Cycling and the Alexander Technique

Alexander Technique can Help You Cycle Better
I had an interesting email from a pupil the other day (I’ll call him Fred) saying that since he had been having Alexander lessons, he felt more comfortable whilst cycling and that ‘over the year I have a particular proof
that I have recovered suppleness in my back’ .
Fred went on to say ‘I have had a bike for about 5 years which I was not able to ride hands free
like I used to. I thought it was a problem with the bike, as it was a budget non brand
roadbike. For 5 years previous to that I gave up cycling as I had a bad accident when
someone opened a car door on me and so I decided to stop cycling…’ 
Then Fred started having Alexander lessons with me. He developed his awareness about his body-use and learned to recognise habits that interfered with the way his body needed to function. He became aware that over the years he’d developed patterns of tension and contraction and these had become even stronger because of the way he reacted to stressful situations. He realised that the more stressful his work became, the more he reacted by tensing up – which resulted in developing severe pain in his neck and arms. This was not helped by tension he used to pull himself down and clutch the handlebars as he rode his bike – which then meant he crumpled his neck in order to look up to see the road and traffic, pinching his cervical nerves in the process.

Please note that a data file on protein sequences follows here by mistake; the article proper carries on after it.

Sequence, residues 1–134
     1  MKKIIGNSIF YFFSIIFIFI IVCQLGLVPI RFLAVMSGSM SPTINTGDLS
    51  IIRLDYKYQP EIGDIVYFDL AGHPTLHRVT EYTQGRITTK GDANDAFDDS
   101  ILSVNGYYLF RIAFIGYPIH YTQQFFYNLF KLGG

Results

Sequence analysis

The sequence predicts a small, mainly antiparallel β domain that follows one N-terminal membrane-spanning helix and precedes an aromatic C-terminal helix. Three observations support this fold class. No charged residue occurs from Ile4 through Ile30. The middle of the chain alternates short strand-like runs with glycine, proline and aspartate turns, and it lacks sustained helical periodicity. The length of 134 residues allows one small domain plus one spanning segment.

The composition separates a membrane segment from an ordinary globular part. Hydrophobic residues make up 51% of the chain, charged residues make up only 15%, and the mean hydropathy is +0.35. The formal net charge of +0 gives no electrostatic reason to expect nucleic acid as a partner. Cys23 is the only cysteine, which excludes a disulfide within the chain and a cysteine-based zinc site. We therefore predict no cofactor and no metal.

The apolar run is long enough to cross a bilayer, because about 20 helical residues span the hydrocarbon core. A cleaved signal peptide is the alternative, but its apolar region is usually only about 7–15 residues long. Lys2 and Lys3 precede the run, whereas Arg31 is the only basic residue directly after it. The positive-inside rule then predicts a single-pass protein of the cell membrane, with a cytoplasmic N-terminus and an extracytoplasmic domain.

Letting go of Habits Allows Room for Change
Fred has worked hard at applying changes to the way he habitually uses his body during daily activities and he regularly practices the constructive rest procedure. He has learned to stop reacting to work stress by immediately tensing up and was pleased to see that he’s become calmer and has stopped experiencing constant pain in his neck and arms. Fred now uses less tension and contraction whilst cycling so that he can be more aligned, allowing his neck and spine to lengthen out ~ and he’s regained his ability to be poised and balanced on his bike. 
Making these changes helped him realise that his previous cycling problems came from the habitual way he used to ride – ‘I now realise it was me ….as I can now ride
hands-free like I used to without there having been any changes made to my bike.

I think this is quite a handy anecdote about AT.’
Thank you Fred!

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